High Yield Topics
The highest yield topics for the Pediatrics Shelf are cardiology, GI, pulmonary, and renal. The lowest yield topics are psychiatry and dermatology. A little under half of the exam is diagnosis, and a little under a third of the exam are mechanism questions dealing with underlying pathophysiology. Management is little more than 10% of the exam.
High Yield Resources
- UWorld (~400)
- Online MedEd (25)
- BRS Pediatrics (20)
- Pre-Test Pediatrics (11)
- NBME Practice shelf
- UT San Antonio High Yield Review
Purpose: NBME style practice questions
There is little reason to explain the utility of UWorld in studying for shelf exams beyond noting that for the Pediatrics Shelf, there are nearly 400 questions which is significantly more than for some of the other shelves. For my Peds shelf in particular, I found UWorld to be extremely useful. While taking my exam, there were a number of questions that I felt were very familiar, due to having seen a variation of them in UWorld.
Purpose: building a foundation
The lectures are freely available online, but if you still find that watching them on 2x is too time consuming, (the lectures for Peds are a bit longer and there are 25 of them), I would at least read the notes and do the practice questions that follow each lecture. This was a great resource for building my foundation in Pediatrics. I actually took a break from doing UWorld at the beginning of my rotation because I kept bombing my question sets. Unlike other rotations in third year, there was no dedicated Peds block in the preclinical years, which meant my foundational knowledge was tenuous at best. Once I finished OnlineMedEd, I was in a far greater position to benefit from UWorld practice questions.
Purpose: reference text; end of chapter questions for improving foundation
It’s a long book (20 chapters, 500+ pages), and even if your goal is to score >90% on your Peds shelf, I don’t know that you need to read it cover to cover. However, I only used BRS to supplement OnlineMedEd lectures; I would complete the questions at the end of the chapter in BRS to correspond with the lecture I completed in OnlineMedEd. This afforded me the opportunity to read through some of the higher yield material in the book. It was also my primary reference to look up information that I was unsure about.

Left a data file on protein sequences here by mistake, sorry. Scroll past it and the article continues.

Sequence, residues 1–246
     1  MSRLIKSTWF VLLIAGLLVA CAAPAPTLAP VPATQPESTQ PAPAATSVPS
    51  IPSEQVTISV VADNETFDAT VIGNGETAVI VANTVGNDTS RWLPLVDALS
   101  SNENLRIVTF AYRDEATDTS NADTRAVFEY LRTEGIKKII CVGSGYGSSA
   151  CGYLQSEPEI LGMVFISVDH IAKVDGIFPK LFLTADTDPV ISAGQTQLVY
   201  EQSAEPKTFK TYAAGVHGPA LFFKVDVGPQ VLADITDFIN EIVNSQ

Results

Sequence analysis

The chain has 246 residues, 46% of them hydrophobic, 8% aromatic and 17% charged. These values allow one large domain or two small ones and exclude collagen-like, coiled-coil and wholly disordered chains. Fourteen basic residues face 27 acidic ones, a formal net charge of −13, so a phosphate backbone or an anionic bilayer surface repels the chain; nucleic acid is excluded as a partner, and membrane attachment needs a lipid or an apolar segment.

It’s certainly not essential to pass the shelf, but I was hoping to improve my scores, and thought it was an excellent source of additional practice questions for drilling in those high yield details. If nothing else, I would do the practice questions for the aforementioned high yield chapters, cardiology, GI, pulmonary, and renal.
Purpose: additional practice questions, though not NBME style
PreTest was an excellent source of additional practice questions; compared to some of the other PreTest offerings, the Pediatrics one came highly recommended from other third and fourth years alike. While I can’t personally speak to how helpful it was in getting me answers on the actual shelf in the same manner as UWorld, it still provided an excellent review. The first couple of chapters are great for getting diagnosis questions correct, while the remaining 9 chapters do a decent job of drilling in next step and management questions.
NBME Practice Shelf
Purpose: actual NBME questions; predict your score
I would be remiss not to mention the importance of doing practice tests. There are about four offered for each shelf, and if I had the time, I would try to do all four of them, although I must concede that I have yet to manage to do more than two per rotation.
These are going to be the best representation of the kinds of questions you are going to see on your actual shelf exam, because they are written by the same damn people. In other words, you would be a dumbass not to do any practice tests at all. They are an excellent predictor of how I have performed. I have consistently done better on my actual shelf exams than my practice ones, sometimes by as much as ten points.
The struggle is deciding when to take your first practice shelf exam. Often, there is a sense of wariness about how we will perform that leads us to procrastinate on taking them. At the very least, I aim to do the first one two weeks before my exam, and another one the week before. Remember that each practice test is a little less than half the length of an actual shelf. To simulate the actual exam experience, I might also take two practice shelves consecutively two weeks before, and two consecutively one week before. Each practice shelf is 20 bucks which is a small price to pay for getting an inside look into the actual exam.
Purpose: quick 2 hour high yield review
While not available for all of the shelves, these videos offer a 2-hour review of some of the more high yield topics for the shelf. It was especially helpful for me to view the night before my first practice shelf.